Turns out my favorite Belizean food is traditional Salvadorian food. You see, I have recently discovered the magic of The Pupusa. It took me a while to conquer the pronunciation but the gastronomical lovefest was instantaneous. More on that in a moment. First things first…
I may have already mentioned that we stayed at the Victoria House in Belize which was luxurious and decadent. While we never made it to the formal dining room for a proper dinner, we had a few happy hours that bled right into dinner at the bar which offered a gorgeous view of the pier. Lobster ceviche, grouper ceviche, and pork tacos were highlights, not to mention an array of frozen fruity drinks – for Vitamin C of course.
We did enjoy the gorgeous, bright dining room at breakfast each morning.
During one post-fishing Victoria House happy hour on the beach I managed to coerce my husband into a couple self portrait. I have my undeniable charm (read: the liquor in his coconut mojito) to thank for this, the only picture of the two of us from our entire vacation.
The reason we never made it to dinner in the Victoria House dining room is because it’s just too much damn fun to ride into town in the golf cart and find more authentic, non-resort cuisine. I have to say, we knocked the food out of the park on this trip. We skipped the too-too tourista spots and really got down and dirty with some local gems.
We stumbled on a spot called Wild Mango’s that we later learned from a couple at the hotel was a favorite with ex-pat friends who live full time in Belize. I didn’t take one picture at Wild Mango’s so I had to nab a few off the web to share with you. This was the very sign that lured us in.
We had fresh, crispy pork taquitos that we loved. The Professor had snapper with coconut rice that I tasted but I was really too full from the vat of mango-banana fruit smoothie that I’d already polished off. And we had these divine empanadas with creamy avocado sauce. (Picture from Tripadvisor)
I love this picture below of Wild Mango’s (we ate outside on the funky deck right by that railing) and must give credit to the blog where I found it: Bear & Em In Belize. Again, these are some more expats who have setup life in Belize and have wonderful posts about life and food on the island of Ambergris Caye.
The California couple that we liked so much at our hotel also told us about their local friends’ favorite foodie recommendation: El Fogon, a real-deal dive restaurant with a dirt floor that is located right by the airstrip behind the Tropic Air airport in downtown San Pedro. Say no more, sounds right up out alley.
The menu is a simple 3-course dinner. You can choose between two appetizers (we tried both and preferred the fish balls) and you can choose your entree. Dessert is chef’s pick of the nite.
I had heard the chicken was out of sight but when the local fisherman walked in to deliver fresh-caught grouper I had to go with the grouper, hello? I did confirm with our jovial water that I was getting this actual grouper that just came in the door. There’s my dinner right there:
We love love loved El Fogon. In fact, we loved it so much we ordered a 3rd entree to go which we shared on the boat the next day in lieu of the same ole same ole boxed lunches. A fairly good idea, although in retrospect, rice is not the best option to try and eat in howling wind. Sorry about the mess on the deck of your beautiful Ponga, George.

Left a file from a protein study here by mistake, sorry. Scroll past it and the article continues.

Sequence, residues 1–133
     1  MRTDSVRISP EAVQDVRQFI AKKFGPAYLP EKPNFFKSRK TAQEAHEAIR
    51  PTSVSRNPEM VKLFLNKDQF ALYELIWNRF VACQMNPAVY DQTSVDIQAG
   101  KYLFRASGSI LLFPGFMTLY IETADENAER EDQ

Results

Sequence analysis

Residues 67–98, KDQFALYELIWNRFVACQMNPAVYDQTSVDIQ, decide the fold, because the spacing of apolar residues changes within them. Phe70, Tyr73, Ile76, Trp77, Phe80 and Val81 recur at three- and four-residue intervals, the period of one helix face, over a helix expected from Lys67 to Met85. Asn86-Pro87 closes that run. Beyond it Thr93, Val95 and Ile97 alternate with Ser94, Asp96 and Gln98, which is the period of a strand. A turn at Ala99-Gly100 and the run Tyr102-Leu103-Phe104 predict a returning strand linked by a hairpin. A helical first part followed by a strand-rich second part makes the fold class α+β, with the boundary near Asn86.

Which brings me to my absolute favorite dish of the trip: Pupusas. We stumbled on a few of these Pupuserias with women hand-making these delectable treats right on the street and slapping them on the griddle. I was drawn to the hot pink pupuseria that I think is called El Salvadoren. Apparently the pupusa is a Salvadorian dish?
I loved it so much that we dined there not once, but twice. The pupusa is two puffy, doughy corn tortillas stuffed with a variety of fillings: shredded pork, chicken, lobster, beans, cheese, etc. I liked the pork/bean/cheese “mixed” pupusas the best. Fluffy little corny pockets of heaven.
Then, you top the pupusa with fresh slaw and hot sauce. Chase with a Belikin beer.
THEY ARE SO GOOD!
As most of you know my philosophy in life is if a little bit is good then more is better. And as usual, this approach made me thoroughly ill. Needless to say, fearing I would never be able to find a pupusa trailer back in Austin, I had a few too many pupusas on the last night of our trip. Groan.
Still working those off.
So that’s my food report from our Belize trip. It was fun to get out and about and dig in to some local cuisine. The last time I went to Belize we ate well, but we ate at the house everyday (because it was cooked for us!) You may recall my 2011 post on the Belizean key lime pie that we loved so much that we ate it for breakfast: Shut Your Key Lime Pie Hole. I have made that authentic Belizean recipe so many times since last year and choose to ignore the fact that it is oddly similar to one that Paula Dean has on her show.
So do you think it would be well received if I show up at Thanksgiving with pupusas & key lime pie? Do these Salvadorian women have panache or what? Think I too can make pupusas with such style? So many questions. Just enjoy this pupusa music video (click image below) and let it inspire you to get in the kitchen and start cooking that Thanksgiving feast!
(Copyright 2012 by Christine Warren)
I like comments almost as much as pupusas. Talk to me. Are you inspired now to do Belizean (Salvadorian) food for Thanksgiving or are you sticking with a traditional lineup?